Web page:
What happens to a crazed game developer when he's still awake at 2 AM? That's what you're about to find out.
It was July 27, 2014, and I was bored out of my mind. Being the middle of summer break, I'd stay up fairly late playing a variety of PC games in my room, doors closed (yeah, I know). Normally, I'd fall asleep on midnight, but this particular day was different.
I was playing Super Meat Boy, which, if you haven't played that game, is a hard-as-nails platformer featuring a fragile slab of meat as the main character. The game's difficulty spike is insane; later levels (not including the alternate dark world) contain loads of chainsaws, targeted projectiles, and spikey walls begging for you to succumb to them. Anyway, when midnight passed, I was stuck in this particular level, mindlessly attempting to jump at the precise moments to dodge each and every conveniently-located spike. I was so determined to complete this warp zone that for the first time, I decided to extend my play time past midnight.
Two hours passed, and I still couldn't get past the first section.
Furious, I ragequitted the game, pounding my desk. At that given moment, I was realizing what I have done with my life. I invested TWO extra hours of my life to get past a specific subsection of a game, yet I STILL couldn't do it. That meant I essentially was in a net loss.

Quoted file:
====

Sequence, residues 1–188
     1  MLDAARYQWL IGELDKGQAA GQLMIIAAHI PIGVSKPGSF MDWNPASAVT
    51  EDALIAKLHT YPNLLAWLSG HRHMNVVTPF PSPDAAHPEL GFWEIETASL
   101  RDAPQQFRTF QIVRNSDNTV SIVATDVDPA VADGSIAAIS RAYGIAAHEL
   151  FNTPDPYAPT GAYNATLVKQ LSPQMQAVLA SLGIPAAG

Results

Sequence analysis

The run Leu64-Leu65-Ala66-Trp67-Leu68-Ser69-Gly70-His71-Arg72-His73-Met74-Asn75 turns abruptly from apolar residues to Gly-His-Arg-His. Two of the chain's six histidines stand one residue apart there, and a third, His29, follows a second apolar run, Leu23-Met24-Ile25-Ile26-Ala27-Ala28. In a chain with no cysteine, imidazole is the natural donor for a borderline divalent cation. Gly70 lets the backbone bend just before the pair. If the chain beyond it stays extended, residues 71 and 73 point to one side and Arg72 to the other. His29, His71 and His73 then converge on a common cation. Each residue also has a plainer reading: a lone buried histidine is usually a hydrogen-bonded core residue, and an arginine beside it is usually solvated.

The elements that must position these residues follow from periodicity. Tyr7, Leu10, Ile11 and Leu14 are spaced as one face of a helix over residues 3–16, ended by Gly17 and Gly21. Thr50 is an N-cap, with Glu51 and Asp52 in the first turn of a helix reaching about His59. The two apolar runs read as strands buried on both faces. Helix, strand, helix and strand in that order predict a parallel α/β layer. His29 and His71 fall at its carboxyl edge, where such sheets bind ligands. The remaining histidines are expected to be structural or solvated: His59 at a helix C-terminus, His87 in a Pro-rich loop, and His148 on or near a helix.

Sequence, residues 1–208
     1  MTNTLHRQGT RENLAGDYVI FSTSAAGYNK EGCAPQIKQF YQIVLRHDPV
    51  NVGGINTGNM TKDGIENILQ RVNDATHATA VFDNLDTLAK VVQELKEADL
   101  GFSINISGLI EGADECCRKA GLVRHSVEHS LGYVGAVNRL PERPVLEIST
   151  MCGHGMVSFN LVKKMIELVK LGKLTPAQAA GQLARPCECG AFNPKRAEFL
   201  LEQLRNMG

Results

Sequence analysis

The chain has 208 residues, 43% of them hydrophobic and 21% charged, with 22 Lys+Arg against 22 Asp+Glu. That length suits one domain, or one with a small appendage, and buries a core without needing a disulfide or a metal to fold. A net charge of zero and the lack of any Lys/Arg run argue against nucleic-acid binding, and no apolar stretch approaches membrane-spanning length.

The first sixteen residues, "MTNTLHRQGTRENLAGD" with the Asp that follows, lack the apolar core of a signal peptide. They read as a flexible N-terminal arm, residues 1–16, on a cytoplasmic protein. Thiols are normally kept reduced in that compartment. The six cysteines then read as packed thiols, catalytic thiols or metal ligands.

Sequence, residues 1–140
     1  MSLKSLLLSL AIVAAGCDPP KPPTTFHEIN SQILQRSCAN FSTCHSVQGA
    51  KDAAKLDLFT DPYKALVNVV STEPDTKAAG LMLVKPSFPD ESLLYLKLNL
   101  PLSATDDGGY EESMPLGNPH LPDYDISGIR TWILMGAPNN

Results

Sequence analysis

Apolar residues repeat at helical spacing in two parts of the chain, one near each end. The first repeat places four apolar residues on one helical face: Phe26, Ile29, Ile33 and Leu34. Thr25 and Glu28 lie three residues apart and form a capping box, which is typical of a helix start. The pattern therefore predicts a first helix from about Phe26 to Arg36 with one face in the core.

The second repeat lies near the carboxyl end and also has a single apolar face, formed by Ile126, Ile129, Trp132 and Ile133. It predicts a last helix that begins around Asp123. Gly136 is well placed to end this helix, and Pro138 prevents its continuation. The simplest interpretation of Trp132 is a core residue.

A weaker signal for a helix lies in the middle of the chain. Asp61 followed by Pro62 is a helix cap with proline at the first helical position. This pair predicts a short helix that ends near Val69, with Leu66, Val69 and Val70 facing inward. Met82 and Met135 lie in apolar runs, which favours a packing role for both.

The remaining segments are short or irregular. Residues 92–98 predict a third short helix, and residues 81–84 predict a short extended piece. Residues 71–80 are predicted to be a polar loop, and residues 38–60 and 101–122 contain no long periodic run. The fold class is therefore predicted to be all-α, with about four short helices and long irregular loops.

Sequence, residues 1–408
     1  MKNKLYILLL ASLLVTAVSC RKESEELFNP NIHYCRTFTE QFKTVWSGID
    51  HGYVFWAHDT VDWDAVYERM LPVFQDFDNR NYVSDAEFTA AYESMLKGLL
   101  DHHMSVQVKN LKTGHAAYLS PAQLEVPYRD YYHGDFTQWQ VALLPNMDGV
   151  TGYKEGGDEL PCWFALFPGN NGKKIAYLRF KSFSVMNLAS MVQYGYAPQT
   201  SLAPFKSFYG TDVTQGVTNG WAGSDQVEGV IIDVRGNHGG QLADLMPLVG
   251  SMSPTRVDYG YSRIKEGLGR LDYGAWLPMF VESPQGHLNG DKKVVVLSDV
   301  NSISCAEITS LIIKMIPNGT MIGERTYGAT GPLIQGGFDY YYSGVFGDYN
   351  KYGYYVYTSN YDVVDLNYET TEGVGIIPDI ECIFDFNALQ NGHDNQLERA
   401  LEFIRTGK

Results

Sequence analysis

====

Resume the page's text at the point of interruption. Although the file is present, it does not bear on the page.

But I couldn't sleep. Anger still seeped through my mind, keeping me awake. I had to release this anger somehow, but how exactly? I had to share my anger to others.
So I opened up PowerPoint and began to craft a mouse maze level. With what was going through my head, I sought to create the worst level experience anyone can have, just so they too can rage away. With the level's ridiculously narrow paths and abstract turns, I've felt like I'm accomplished the goal.
Think you can handle the pain? Good luck!
Requires PowerPoint 2007 or newer, excluding 2008 for Mac